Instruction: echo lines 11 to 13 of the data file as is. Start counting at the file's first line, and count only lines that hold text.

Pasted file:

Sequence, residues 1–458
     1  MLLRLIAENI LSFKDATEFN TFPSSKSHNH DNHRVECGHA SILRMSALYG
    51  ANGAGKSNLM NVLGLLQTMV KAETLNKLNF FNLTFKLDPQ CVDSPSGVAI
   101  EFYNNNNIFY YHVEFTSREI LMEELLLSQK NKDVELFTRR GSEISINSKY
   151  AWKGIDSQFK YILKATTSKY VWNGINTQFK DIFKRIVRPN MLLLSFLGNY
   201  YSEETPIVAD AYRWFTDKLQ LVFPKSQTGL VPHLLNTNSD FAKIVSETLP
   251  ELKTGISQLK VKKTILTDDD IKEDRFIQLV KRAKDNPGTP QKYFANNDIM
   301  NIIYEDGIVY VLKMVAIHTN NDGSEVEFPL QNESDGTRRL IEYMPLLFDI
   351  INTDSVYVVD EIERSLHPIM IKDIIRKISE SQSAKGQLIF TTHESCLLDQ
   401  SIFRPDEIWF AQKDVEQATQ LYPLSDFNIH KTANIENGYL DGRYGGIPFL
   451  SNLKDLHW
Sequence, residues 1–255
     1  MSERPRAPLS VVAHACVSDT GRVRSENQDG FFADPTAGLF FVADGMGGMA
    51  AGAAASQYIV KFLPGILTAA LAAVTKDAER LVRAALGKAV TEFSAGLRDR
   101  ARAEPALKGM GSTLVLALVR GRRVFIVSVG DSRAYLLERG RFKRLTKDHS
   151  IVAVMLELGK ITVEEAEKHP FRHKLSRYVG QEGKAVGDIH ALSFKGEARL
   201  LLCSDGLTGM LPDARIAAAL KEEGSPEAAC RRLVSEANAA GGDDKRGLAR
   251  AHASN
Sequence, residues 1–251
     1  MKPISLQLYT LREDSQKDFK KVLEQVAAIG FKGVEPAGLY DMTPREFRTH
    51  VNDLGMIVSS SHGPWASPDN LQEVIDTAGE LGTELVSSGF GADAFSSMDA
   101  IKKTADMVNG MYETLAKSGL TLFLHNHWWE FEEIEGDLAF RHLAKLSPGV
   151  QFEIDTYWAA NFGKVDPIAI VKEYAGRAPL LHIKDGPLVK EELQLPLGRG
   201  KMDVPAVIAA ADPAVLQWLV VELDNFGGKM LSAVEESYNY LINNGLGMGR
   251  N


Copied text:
   451  SNLKDLHW
Sequence, residues 1–255
     1  MSERPRAPLS VVAHACVSDT GRVRSENQDG FFADPTAGLF FVADGMGGMA